Moon Beam — Lunar Panic

March 18, 2011

As the Japanese continue to struggle with a nightmare, raising the seriousness bar on Friday to what’s called Level 5 — same as Three Mile Island — we’ve discovered the possibility of more nefarious shit coming this weekend because of an extreme, whacked-out Super Moon.
Not only the tides, but the human brain will come under control of the lunar landscape staring at us at the closest point its been in nearly 20 years.


(Illustration found here).

The moon will be at its fullest on Saturday and at its closest — about 221,567 miles vs its normal average range at about 238,000 miles.
And all this has opened a full can of foreboding worms that the moon will cause all kinds of bad shit to occur, like earthquakes, hurricanes, etc., which some have been shouting the end is near (might be) with even some saying the Japanese earthquake/tsunami was caused by the lunar object.
Bullshit say the scientists.
From the UK’s Independent:

The Super-Moon scare stories have flourished unchecked on the Web among a long list of conspiracy theories.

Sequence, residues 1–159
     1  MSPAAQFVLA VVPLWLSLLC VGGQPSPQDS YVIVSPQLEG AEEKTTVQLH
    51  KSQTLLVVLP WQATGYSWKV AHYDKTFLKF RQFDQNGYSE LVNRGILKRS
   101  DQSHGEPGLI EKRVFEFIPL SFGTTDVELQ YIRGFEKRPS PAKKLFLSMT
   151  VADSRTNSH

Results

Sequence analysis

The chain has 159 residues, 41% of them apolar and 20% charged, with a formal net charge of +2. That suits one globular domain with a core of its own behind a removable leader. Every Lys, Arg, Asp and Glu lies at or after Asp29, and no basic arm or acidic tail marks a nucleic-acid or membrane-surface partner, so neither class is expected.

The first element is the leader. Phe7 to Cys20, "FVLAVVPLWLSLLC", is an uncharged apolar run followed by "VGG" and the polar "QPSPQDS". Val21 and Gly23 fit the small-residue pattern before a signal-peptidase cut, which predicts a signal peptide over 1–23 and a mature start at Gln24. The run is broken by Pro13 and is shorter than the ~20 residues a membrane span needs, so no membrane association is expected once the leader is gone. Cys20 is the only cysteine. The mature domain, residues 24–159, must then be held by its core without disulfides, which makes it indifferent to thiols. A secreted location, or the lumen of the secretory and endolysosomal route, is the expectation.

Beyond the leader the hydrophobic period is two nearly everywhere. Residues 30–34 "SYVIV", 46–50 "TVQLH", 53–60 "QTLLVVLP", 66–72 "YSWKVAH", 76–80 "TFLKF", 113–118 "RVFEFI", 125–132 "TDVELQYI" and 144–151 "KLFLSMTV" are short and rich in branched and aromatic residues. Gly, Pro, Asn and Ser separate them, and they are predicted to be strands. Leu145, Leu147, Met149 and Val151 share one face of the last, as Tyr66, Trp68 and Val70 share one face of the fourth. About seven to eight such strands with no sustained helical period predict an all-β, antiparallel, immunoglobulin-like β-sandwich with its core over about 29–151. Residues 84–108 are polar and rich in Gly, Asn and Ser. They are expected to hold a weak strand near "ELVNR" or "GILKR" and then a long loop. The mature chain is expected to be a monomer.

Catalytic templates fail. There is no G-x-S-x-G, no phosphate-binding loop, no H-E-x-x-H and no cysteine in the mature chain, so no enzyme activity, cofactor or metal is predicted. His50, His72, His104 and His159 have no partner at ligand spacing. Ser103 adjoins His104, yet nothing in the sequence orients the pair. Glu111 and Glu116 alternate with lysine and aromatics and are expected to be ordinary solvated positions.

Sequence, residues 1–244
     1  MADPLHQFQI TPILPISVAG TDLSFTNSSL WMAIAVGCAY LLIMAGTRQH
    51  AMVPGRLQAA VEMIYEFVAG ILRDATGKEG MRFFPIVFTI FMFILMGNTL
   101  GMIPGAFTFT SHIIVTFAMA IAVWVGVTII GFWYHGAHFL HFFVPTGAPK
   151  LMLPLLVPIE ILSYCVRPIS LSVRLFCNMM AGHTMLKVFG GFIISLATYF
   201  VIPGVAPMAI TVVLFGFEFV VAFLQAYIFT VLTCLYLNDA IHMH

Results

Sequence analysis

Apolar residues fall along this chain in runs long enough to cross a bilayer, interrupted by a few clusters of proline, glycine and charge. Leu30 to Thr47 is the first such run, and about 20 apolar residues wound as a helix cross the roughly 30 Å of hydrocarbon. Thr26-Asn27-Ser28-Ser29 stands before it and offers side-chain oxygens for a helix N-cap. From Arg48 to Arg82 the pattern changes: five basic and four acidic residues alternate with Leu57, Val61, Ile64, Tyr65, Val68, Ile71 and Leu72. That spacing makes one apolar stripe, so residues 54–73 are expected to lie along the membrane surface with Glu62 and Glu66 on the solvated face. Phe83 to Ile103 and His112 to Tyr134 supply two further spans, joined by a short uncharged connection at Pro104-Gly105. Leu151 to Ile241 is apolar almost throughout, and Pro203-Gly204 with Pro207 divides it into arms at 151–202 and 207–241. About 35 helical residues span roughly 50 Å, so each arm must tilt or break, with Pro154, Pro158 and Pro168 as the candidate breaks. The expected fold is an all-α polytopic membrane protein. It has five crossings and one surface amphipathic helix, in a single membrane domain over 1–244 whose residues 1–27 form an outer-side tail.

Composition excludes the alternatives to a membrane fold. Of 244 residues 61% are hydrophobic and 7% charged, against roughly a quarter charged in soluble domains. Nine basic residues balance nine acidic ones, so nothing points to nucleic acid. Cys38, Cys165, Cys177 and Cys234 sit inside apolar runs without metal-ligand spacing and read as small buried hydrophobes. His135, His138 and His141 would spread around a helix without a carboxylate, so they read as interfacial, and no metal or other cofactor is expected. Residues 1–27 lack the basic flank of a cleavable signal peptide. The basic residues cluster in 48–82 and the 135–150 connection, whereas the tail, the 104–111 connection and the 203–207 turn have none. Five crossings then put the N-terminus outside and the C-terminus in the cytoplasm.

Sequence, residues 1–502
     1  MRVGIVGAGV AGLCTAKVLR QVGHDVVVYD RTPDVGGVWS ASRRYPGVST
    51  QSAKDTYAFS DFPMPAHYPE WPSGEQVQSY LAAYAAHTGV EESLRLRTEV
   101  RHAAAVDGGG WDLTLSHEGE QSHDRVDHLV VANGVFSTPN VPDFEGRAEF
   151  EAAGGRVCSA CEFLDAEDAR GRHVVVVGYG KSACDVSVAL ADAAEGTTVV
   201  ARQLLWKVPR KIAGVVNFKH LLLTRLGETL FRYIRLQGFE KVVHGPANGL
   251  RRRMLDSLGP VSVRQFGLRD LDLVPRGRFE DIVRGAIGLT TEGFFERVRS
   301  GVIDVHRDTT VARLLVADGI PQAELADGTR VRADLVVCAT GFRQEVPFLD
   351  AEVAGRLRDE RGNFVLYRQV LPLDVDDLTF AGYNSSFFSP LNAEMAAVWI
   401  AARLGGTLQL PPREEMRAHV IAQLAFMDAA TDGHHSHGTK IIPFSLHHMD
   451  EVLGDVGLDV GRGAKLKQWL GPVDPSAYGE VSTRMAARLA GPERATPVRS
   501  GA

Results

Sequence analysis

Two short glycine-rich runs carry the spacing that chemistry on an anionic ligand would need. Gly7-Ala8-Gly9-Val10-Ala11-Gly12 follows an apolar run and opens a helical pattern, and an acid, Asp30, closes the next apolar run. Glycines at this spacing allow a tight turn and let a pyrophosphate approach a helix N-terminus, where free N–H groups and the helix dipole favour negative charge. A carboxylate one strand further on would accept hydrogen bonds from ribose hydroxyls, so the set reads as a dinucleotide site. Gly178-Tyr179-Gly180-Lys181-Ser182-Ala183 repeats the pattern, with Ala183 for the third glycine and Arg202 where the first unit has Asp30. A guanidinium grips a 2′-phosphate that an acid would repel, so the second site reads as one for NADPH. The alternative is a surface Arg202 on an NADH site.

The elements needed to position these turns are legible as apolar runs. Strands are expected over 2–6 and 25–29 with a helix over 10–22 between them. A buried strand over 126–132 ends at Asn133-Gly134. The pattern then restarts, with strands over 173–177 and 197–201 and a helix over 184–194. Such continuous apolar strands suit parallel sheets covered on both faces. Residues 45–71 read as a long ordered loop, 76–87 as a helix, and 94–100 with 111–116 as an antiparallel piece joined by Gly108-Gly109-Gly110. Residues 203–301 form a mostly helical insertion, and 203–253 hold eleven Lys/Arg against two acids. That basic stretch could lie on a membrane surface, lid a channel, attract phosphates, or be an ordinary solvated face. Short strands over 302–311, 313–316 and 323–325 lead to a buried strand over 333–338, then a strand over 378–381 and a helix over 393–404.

Phil Plait, writer of the Bad Astronomy blog (subtitle: “The universe is cool enough without making up crap about it”), aimed at debunking scientific myths, says attributing such powers to the moon makes no scientific sense.
“Think about it,” he says. “If there were some connection, and it were this obvious, geologists and seismologists would be issuing warnings every perigee and every full moon. These are people who have devoted their lives to understanding how the earth shakes, and would be screaming their heads off if it were something as easy and obvious as the moon.
They don’t because there’s no connection.”

If not the moon…?
Read an analysis of this “super moon” phenomenon here.

In northern California there won’t be much moon gazing this weekend — rain, hail, thunderstorms and more rain is in the forecast — and we will just have to take our chances.
And we know the illusion of the moonbeam: An Ebbinghaus Illusion, where the brain is fooled into believing what you think your eyes are seeing.
Now, that’s par for the course nowadays.

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